At corporate and training level, it is essential to know the difference between " upskilling" and " reskilling". The first term means retraining, a sort of "update" of the skills of an employee. In the second case, however, the term directly indicates the learning of new skills and abilities useful for a new job within the company.
This difference is critical for companies to understand which training path is most useful for their employees. As a result, eLearning providers are able to understand what types of online courses they can offer based on the needs of organizations. What might be the occasions when the need arises to create an upskilling or reskilling course? Here are the main ones:
- Promoting the employee within the company: this is an example where both upskilling and reskilling pathways may be needed. If the employee is going to take on new responsibilities within their role, they will need to upgrade their core competencies to a higher level. If, on the other hand, an employee is being moved to a completely new department due to a company downsizing or simply because they have the perfect skills for another role, in this case you will need to provide them with the training that will allow them to directly acquire new skills.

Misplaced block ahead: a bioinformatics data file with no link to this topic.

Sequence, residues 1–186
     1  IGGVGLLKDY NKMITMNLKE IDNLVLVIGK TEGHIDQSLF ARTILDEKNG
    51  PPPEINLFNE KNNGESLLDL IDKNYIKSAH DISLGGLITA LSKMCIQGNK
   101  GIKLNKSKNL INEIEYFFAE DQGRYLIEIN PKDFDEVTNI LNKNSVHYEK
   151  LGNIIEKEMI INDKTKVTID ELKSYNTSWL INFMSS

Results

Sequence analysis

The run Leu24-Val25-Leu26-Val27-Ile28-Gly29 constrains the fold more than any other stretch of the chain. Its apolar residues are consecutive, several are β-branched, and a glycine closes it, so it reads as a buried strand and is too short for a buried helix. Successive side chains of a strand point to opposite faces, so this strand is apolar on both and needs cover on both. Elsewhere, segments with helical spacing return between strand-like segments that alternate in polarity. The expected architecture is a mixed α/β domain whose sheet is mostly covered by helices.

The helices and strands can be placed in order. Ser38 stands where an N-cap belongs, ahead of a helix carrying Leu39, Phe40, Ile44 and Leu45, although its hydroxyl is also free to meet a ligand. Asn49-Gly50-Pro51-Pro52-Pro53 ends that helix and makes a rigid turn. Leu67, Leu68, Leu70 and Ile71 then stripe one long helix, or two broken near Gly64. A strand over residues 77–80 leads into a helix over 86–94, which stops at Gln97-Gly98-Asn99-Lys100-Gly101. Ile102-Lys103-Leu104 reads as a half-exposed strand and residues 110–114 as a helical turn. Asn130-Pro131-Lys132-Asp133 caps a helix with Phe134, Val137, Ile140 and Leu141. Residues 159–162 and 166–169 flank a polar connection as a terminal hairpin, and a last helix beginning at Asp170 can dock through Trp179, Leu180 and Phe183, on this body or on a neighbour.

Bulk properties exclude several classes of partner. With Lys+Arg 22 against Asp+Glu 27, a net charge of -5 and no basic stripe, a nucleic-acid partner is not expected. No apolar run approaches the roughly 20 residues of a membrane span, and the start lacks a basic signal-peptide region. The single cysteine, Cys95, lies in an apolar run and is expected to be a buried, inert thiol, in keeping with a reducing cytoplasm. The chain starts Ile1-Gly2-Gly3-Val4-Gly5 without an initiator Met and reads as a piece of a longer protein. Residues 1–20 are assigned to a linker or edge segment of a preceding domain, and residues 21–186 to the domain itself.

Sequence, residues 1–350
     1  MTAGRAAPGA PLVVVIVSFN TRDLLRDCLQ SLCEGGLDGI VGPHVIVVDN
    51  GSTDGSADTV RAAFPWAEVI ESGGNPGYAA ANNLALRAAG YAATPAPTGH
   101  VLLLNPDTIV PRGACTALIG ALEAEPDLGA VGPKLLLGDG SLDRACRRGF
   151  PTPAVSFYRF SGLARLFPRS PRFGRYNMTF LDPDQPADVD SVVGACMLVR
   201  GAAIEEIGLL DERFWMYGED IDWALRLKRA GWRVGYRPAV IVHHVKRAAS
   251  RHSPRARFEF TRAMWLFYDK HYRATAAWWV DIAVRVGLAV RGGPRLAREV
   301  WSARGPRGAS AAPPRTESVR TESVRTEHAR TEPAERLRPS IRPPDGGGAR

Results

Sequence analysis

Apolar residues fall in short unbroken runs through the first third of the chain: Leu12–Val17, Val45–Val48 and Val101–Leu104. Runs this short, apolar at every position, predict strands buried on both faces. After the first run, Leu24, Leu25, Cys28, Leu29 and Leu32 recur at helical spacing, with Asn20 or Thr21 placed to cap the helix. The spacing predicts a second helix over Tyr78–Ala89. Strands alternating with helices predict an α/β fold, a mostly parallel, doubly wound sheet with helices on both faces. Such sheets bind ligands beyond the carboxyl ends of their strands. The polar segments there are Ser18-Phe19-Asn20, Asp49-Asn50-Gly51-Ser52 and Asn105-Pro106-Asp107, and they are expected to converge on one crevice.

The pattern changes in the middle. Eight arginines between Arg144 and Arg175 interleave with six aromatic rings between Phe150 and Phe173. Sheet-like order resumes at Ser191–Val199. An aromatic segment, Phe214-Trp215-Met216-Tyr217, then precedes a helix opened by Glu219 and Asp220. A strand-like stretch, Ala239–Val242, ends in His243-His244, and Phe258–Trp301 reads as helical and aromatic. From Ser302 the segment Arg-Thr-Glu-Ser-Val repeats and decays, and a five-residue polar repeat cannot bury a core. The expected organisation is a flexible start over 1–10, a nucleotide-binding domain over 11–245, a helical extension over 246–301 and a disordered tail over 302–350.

- When new tools are introduced: technology is constantly advancing, so it's likely that the company may introduce a new digital tool or process. In this case, too, the paths can be either upskilling or reskilling depending on the new tool introduced. Are skills already acquired in the past useful, or is it necessary to create a training path that teaches how to use the new tool from scratch?
- Changes in compliance: regulations can change often, and it's imperative that workers can comply with the code of conduct and current legislation. In this case, an upskilling/reskilling course is helpful to find out what's new or, in the case of new hires, learn the updated regulations from scratch.
- New Hires: Companies are increasingly looking for top talent, however, that doesn't mean new hires already have all the skills needed to do the job. To bring out the newcomer's skills, it can be extremely helpful to offer training during onboarding.
Upskilling and reskilling are helpful in allowing employees to stay current and adapt to market changes. Offering employees these trainings not only allows the company to be competitive but also to show its workers that it cares about their professional growth, nurturing emerging talent and valuing those who have already been with the organization for years.
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